D^3CTF2019 Ancient Game V2, Thoughts & Solutions

Intro

I designed the RE challenge Ancient Game V2 in D^3CTF2019. This post is about some related stuff along with the chal’s solution.

Challenge

This challenge uses a virtual architecture similar to OISC to implement a classic Sudoku verification. There are basically just 4 types of instructions: input, output, jcc and NAND, which can also be seen as an OISC with two I/O interrupts introduced. All logical operations are implemented through NAND gates.

Operations like XOR / AND / OR are all implemented by combinations of NAND gates, for example:

xor x,y =>
xor_tmp[0] = y NAND y
xor_tmp[1] = x NAND xor_tmp[0]
xor_tmp[2] = x NAND x
xor_tmp[3] = y NAND xor_tmp[2]
x = xor_tmp[1] NAND xor_tmp[3]

Which is based on the fact that:

Q = A XOR B = [ B NAND ( A NAND A ) ] NAND [ A NAND ( B NAND B ) ]

An excerpt of the Sudoku Verifier code in my self-defined assembly:

welcome = mkstr("**************************\n**  Welcome To D^3CTF   **\n**   Ancient Game V2    **\n**************************\n\nInput Flag:")
wrong = mkstr("\nSorry, please try again.\n")
correct = mkstr("\nCorrect.\n")

flag = new(50)
// distract = new(1000)
grid = new(81)


// initialize the puzzle
set(grid[0],9)
set(grid[5],8)
set(grid[9],1)
set(grid[10],3)
set(grid[14],9)
set(grid[16],7)
...
set(grid[71],6)
set(grid[75],9)
set(grid[80],1)

__code_start__

// print the welcome message
print(welcome)

// get input
input(flag[0])
input(flag[1])
input(flag[2])
input(flag[3])
input(flag[4])
input(flag[5])
...
input(flag[46])
input(flag[47])
input(flag[48])
input(flag[49])

// transfer chars in the flag into the grids

long_transfer(flag[0],grid[1])
long_transfer(flag[1],grid[2])
...
long_transfer(flag[47],grid[77])
long_transfer(flag[48],grid[78])
long_transfer(flag[49],grid[79])

// xor with xor_table, which is introduced 
//   for generating different flags to different teams

grid[1] = grid[1] ^ xor_table[0]
grid[2] = grid[2] ^ xor_table[1]
grid[3] = grid[3] ^ xor_table[2]
grid[4] = grid[4] ^ xor_table[3]
grid[6] = grid[6] ^ xor_table[4]
grid[7] = grid[7] ^ xor_table[5]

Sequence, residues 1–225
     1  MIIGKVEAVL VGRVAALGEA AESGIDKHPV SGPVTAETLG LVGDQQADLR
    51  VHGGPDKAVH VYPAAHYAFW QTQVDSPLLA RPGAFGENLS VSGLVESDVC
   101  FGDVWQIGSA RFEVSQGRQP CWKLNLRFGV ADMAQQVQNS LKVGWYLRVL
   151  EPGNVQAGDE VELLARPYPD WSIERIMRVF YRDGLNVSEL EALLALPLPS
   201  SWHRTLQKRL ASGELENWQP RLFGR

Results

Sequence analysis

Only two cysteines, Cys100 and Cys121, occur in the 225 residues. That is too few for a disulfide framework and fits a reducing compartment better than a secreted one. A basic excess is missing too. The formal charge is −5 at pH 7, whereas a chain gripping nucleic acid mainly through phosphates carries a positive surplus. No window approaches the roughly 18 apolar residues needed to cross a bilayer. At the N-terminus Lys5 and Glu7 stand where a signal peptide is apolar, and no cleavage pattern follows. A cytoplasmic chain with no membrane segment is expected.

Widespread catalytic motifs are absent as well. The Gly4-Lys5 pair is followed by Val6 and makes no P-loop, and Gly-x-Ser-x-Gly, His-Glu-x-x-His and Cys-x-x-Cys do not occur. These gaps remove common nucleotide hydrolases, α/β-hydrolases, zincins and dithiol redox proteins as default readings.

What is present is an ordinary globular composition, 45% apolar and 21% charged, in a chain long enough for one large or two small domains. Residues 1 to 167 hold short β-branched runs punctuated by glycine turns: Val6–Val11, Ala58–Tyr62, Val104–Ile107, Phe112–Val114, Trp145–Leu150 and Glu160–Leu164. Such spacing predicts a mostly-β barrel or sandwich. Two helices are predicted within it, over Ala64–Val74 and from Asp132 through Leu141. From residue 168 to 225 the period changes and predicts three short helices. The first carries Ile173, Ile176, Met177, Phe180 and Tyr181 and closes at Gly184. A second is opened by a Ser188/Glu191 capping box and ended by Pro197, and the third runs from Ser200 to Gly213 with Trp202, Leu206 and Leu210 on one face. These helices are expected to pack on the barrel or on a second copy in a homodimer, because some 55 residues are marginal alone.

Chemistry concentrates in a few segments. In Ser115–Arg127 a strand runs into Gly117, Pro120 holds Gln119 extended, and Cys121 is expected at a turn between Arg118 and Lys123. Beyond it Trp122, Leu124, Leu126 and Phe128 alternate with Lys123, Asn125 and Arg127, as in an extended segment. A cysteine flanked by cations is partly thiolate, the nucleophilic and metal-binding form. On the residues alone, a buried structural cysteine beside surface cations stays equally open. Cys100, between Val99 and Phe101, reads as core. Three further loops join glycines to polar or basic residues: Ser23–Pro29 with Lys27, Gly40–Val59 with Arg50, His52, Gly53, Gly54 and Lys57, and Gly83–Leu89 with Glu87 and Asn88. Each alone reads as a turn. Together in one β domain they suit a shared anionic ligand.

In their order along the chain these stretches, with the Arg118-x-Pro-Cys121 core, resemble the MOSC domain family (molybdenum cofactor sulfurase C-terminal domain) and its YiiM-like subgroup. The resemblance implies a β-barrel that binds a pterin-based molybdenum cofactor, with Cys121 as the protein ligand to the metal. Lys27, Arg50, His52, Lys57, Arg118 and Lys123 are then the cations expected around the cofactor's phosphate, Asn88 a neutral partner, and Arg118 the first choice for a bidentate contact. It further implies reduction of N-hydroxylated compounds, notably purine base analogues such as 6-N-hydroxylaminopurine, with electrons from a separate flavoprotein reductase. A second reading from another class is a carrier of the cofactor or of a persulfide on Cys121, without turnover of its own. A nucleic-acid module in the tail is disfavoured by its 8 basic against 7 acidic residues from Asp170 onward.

...
grid[77] = grid[77] ^ xor_table[47]
grid[78] = grid[78] ^ xor_table[48]
grid[79] = grid[79] ^ xor_table[49]

// verify the sudoku game

// rows
jmp _label_wrong if grid[4] == grid[5]
jmp _label_wrong if grid[4] == grid[6]
jmp _label_wrong if grid[4] == grid[7]
...
jmp _label_wrong if grid[3] == grid[7]
jmp _label_wrong if grid[3] == grid[8]

// columns
jmp _label_wrong if grid[0] == grid[9]
jmp _label_wrong if grid[0] == grid[18]
jmp _label_wrong if grid[0] == grid[27]
...
jmp _label_wrong if grid[62] == grid[80]
jmp _label_wrong if grid[71] == grid[80]

// subgrids
jmp _label_wrong if grid[0] == grid[1]
jmp _label_wrong if grid[0] == grid[2]
jmp _label_wrong if grid[0] == grid[9]
jmp _label_wrong if grid[0] == grid[10]
...
jmp _label_wrong if grid[78] == grid[79]
jmp _label_wrong if grid[78] == grid[80]
jmp _label_wrong if grid[79] == grid[80]

// check range

jmp _label_wrong if outofnumbers(grid[1])
jmp _label_wrong if outofnumbers(grid[2])
jmp _label_wrong if outofnumbers(grid[3])
jmp _label_wrong if outofnumbers(grid[4])
...
jmp _label_wrong if outofnumbers(grid[76])
jmp _label_wrong if outofnumbers(grid[77])
jmp _label_wrong if outofnumbers(grid[78])
jmp _label_wrong if outofnumbers(grid[79])

_label_correct:
print(correct)
return

_label_wrong:
print(wrong)
return

I wrote an assembler for this assembly, which was used to generate the final challenge that the players got. The assembler wasn’t open-sourced since it’s ugly.

During the competition, due to the negligence of myself, the implementation of the outofnumbers (var) function was incorrectly written as return var not in range (10), resulting in multiple solutions. Since the target Sudoku should only be filled with 1 ~ 9, the correct implementation should be return var not in range (1, 10). This was my fault, and I had to update the challenge with a fixed one during the competition.

Sudoku Map

Solution

To solve this challenge, there is no need to simplify all the logical operations. Since there is no complicated loop in the chal’s actual control flow, we can find conditions that prevent the control flow from jumping to the part which outputs “Sorry” through simple control flow tracing and symbolic analysis. Finally, we can use an SMT solver to solve the constraints that we get through the previous analysis(That’s how ThinerDAS solved this challenge).

Flag: d3ctf{g5lk9t28zz47y3l6m2kosbajd2vk9e2dwghxgfktcki}

Referenceable solution script: sol.py by Byaidu

The source code of this challenge(not fully open-sourced) and a duplicate of this post are uploaded to GitHub, check them out at: https://github.com/yype/D3CTF_Rev/tree/master/AncientGameV2.

More..

I’ve always found OISC quite interesting to me. This challenge was just a demo of one of my ideas, maybe I will do some extra work related to OISC in the upcoming future.

· CTF, Reverse Engineering, D^3CTF2019, OISC